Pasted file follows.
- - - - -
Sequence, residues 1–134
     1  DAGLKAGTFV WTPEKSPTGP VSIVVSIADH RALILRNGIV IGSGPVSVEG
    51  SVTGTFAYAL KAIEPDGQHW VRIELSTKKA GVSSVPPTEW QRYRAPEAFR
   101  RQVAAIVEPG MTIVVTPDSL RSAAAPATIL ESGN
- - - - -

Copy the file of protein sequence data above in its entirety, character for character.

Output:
Sequence, residues 1–134
     1  DAGLKAGTFV WTPEKSPTGP VSIVVSIADH RALILRNGIV IGSGPVSVEG
    51  SVTGTFAYAL KAIEPDGQHW VRIELSTKKA GVSSVPPTEW QRYRAPEAFR
   101  RQVAAIVEPG MTIVVTPDSL RSAAAPATIL ESGN